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From: JOAQUIN LOPEZ MU?Z (joaquin_at_[hidden])
Date: 2003-09-12 18:42:48

Hi Brock,

----- Mensaje Original -----
> > I wanted to hide MPL from the user. Picture yourself a potential
> > average user reading the tutorial and, when it comes to the
> specification> of indices, being referred to the MPL
> documentation! She'd probably
> > be scared away. MPL is terrific, but IMHO is not a library every
> > programmer would want to be exposed to.
> > Besides, the MPL sequence used must be a forward sequence, not
> > every sequence is valid. A lot of technical mess for such a simple
> > application.
> On the surface this seems like a good argument, but I really don't
> think we
> want every boost library that needs typelists to roll their own
> just so the
> users don't have to see the MPL. If you want to hide the MPL and
> keep the
> user from having to choose a container you could use a using
> declaration to
> bring mpl::vector in to indexed_sets.

Well, there's an additional detail for aliasing these MPL sequences
as I do. Not only index_list is an MPL sequence, but also the
class tag<> for specifying tag names for a given index. Now, if
I drop the alias in index_list for consistency I'd have to do the same
in tag. But this cannot be done easily. Index specifiers unique
and non_unique accept either of the following two instantiantion

  [non_]unique<KeyExtractor,Compare=less<KeyExtractor::result_type> >
  [non_]unique<TagList,KeyExtractor,Compare=less<KeyExtractor::result_type> >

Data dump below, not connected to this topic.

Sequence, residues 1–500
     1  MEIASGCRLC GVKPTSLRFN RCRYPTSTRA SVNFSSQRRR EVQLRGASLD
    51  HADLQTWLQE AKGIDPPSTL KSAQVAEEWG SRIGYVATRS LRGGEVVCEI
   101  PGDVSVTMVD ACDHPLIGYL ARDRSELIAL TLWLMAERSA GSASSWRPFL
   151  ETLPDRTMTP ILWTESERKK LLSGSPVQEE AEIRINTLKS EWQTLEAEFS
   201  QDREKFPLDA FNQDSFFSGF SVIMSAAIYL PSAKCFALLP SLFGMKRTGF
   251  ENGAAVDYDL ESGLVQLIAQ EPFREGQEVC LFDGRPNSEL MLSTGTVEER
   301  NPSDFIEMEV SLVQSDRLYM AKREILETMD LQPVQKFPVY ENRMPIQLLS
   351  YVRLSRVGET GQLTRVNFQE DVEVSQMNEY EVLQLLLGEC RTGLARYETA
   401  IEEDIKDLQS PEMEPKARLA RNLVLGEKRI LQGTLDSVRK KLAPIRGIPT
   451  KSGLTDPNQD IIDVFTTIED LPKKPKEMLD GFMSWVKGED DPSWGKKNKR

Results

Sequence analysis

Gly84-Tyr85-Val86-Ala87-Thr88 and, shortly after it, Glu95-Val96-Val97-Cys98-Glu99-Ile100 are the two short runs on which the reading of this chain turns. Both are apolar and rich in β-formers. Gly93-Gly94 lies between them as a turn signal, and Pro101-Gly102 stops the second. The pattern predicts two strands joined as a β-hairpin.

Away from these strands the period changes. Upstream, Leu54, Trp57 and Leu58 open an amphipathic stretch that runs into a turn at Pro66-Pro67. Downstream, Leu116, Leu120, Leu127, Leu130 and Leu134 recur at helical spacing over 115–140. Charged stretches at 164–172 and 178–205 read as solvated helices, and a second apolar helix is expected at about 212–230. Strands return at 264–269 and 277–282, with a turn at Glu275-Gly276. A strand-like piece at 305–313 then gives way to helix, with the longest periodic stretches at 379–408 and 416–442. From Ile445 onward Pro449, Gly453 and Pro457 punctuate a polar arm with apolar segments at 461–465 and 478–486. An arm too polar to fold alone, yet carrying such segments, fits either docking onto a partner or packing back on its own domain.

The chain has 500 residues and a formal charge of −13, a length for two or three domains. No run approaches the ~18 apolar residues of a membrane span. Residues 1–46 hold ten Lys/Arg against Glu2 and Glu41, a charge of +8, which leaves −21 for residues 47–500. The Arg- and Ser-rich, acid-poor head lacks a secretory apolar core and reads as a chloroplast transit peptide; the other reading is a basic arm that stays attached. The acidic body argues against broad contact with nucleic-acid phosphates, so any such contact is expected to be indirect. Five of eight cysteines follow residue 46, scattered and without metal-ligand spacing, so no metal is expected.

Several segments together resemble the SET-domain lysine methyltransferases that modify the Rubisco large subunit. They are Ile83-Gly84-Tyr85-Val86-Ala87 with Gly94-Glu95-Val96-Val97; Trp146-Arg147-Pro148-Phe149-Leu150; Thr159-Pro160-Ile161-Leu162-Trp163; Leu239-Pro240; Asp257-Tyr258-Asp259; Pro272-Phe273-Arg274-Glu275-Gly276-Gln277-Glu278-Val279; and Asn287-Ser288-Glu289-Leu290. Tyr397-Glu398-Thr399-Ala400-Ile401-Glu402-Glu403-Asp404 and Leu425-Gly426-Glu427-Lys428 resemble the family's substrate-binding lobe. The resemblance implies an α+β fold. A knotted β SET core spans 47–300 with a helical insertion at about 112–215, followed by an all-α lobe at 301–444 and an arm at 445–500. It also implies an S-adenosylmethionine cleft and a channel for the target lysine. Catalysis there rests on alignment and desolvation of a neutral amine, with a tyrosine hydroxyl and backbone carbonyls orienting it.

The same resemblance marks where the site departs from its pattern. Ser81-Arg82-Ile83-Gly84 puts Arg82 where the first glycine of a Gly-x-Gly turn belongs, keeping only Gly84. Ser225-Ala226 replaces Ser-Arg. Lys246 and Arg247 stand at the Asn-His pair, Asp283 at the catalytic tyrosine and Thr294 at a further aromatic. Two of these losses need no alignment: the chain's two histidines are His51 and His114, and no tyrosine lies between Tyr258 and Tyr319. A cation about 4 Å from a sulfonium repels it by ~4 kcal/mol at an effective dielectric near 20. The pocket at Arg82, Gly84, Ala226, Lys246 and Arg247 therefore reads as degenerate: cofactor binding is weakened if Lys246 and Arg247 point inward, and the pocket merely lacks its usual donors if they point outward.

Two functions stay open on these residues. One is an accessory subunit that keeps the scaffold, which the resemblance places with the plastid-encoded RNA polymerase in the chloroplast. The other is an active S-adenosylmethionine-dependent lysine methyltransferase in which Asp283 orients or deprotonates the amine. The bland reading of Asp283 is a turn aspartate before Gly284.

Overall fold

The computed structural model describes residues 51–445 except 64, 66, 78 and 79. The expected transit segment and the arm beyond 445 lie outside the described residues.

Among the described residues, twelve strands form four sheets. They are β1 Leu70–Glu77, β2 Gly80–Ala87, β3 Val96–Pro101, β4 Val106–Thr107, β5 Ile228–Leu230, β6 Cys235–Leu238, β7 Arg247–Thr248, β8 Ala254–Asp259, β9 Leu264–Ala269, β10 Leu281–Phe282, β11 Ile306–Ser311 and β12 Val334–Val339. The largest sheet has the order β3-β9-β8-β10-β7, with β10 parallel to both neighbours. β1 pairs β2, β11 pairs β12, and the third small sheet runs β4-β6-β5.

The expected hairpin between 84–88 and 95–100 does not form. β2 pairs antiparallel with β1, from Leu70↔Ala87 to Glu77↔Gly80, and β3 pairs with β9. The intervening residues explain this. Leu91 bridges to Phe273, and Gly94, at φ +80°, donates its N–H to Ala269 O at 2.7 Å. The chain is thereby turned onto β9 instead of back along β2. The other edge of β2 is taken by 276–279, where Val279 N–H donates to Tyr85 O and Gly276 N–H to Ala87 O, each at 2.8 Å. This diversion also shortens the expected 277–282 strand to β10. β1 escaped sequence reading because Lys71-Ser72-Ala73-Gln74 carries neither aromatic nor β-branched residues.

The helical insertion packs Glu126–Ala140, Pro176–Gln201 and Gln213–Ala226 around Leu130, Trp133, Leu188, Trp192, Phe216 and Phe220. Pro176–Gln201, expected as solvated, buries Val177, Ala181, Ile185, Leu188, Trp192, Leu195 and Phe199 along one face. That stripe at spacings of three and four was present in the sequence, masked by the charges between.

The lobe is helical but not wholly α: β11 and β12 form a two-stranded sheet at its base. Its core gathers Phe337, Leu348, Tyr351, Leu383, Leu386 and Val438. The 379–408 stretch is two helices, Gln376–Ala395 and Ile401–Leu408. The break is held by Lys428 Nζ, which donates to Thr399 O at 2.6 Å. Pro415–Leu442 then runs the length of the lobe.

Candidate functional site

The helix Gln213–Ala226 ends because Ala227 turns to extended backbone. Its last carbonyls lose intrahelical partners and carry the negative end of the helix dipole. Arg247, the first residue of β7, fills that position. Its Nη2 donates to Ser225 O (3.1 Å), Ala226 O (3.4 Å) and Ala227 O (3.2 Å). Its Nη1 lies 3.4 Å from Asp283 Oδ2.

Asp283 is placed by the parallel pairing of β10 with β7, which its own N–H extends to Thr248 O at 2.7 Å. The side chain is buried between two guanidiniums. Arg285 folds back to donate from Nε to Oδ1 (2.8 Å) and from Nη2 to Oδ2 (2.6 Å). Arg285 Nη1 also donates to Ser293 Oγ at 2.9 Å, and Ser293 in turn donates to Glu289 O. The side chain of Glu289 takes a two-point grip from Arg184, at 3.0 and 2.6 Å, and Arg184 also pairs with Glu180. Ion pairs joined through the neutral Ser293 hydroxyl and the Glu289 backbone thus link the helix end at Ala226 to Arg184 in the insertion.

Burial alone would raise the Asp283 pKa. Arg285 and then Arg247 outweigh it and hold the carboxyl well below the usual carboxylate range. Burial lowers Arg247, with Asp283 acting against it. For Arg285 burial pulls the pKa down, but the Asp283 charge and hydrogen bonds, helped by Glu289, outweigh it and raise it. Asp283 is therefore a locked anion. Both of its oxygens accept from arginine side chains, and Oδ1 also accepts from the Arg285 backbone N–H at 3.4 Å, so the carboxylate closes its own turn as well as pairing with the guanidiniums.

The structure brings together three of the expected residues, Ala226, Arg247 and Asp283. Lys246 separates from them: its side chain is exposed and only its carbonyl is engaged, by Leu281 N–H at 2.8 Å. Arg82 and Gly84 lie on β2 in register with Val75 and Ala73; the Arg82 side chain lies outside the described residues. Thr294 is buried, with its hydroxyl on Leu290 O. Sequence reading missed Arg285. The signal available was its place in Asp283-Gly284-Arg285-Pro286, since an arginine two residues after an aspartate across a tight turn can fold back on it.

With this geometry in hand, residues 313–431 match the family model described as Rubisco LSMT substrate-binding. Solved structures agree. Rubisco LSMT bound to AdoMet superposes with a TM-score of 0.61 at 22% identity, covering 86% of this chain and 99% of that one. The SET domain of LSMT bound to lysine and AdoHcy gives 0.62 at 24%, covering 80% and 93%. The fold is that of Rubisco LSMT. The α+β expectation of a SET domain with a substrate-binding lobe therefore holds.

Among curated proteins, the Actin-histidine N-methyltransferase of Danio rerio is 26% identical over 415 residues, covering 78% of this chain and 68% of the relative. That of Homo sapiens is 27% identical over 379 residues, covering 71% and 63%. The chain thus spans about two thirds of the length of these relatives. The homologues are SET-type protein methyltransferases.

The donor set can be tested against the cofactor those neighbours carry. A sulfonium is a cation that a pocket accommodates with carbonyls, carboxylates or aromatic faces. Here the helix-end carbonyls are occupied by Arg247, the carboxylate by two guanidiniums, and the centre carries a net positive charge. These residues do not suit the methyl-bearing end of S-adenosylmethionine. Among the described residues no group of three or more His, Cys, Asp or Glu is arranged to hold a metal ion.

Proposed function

At first, this seems like it cannot be done, but in fact it can with
some MPL magic: the trick lies in accepting (at compile-time) up to
three template parameters and determining whether the first is
a tag list or not. This check cannot be (easily) done if TagList is just any
MPL forward sequence, so tag<> has some internal "markers"
to help do the job.

I hope I made myself clear, the issue is rather messy. Conclusion
is that I'd rather keep these aliases. I'm open to discussion, though :)
> > If there's some consensus about this being desireable, it can be
> > plugged into the library in a matter of minutes.
> I think it's a good idea. Macros are better than redundancy IMHO.

I'd like to have more opinions on this. Many boosters are macro
hackers for legitimate reasons.

> Good luck! FWIW, I just put together a 'remote_function' library
> that uses
> a similar naming technique:
> struct get_widget_count;
> struct set_widget_name;
> typedef mpl::list<
> named_function<get_widget_count, int ()>,
> named_function<set_widget_name, void (int,std::string)>
> > widget_functions;
> remote_function::client<widget_functions> client(ip_addr, port);
> cout << "Num widgets: " <<<get_widget_count>() << endl;
><set_widget_name>(2, "number 2");

Looks good! What is the library aimed at? Planning on boosting it?

> I wonder if there is a name for this technique. Maybe some day
> we'll be
> able to do true compile time strings other than:
> boost::mpl::vector_c<char,'h','e','l','l','o'>

No standard name that I know of. We could call it "tagged types" :)


Joaquín M López Muñoz
Telefóinca, Investigación y Desarrollo

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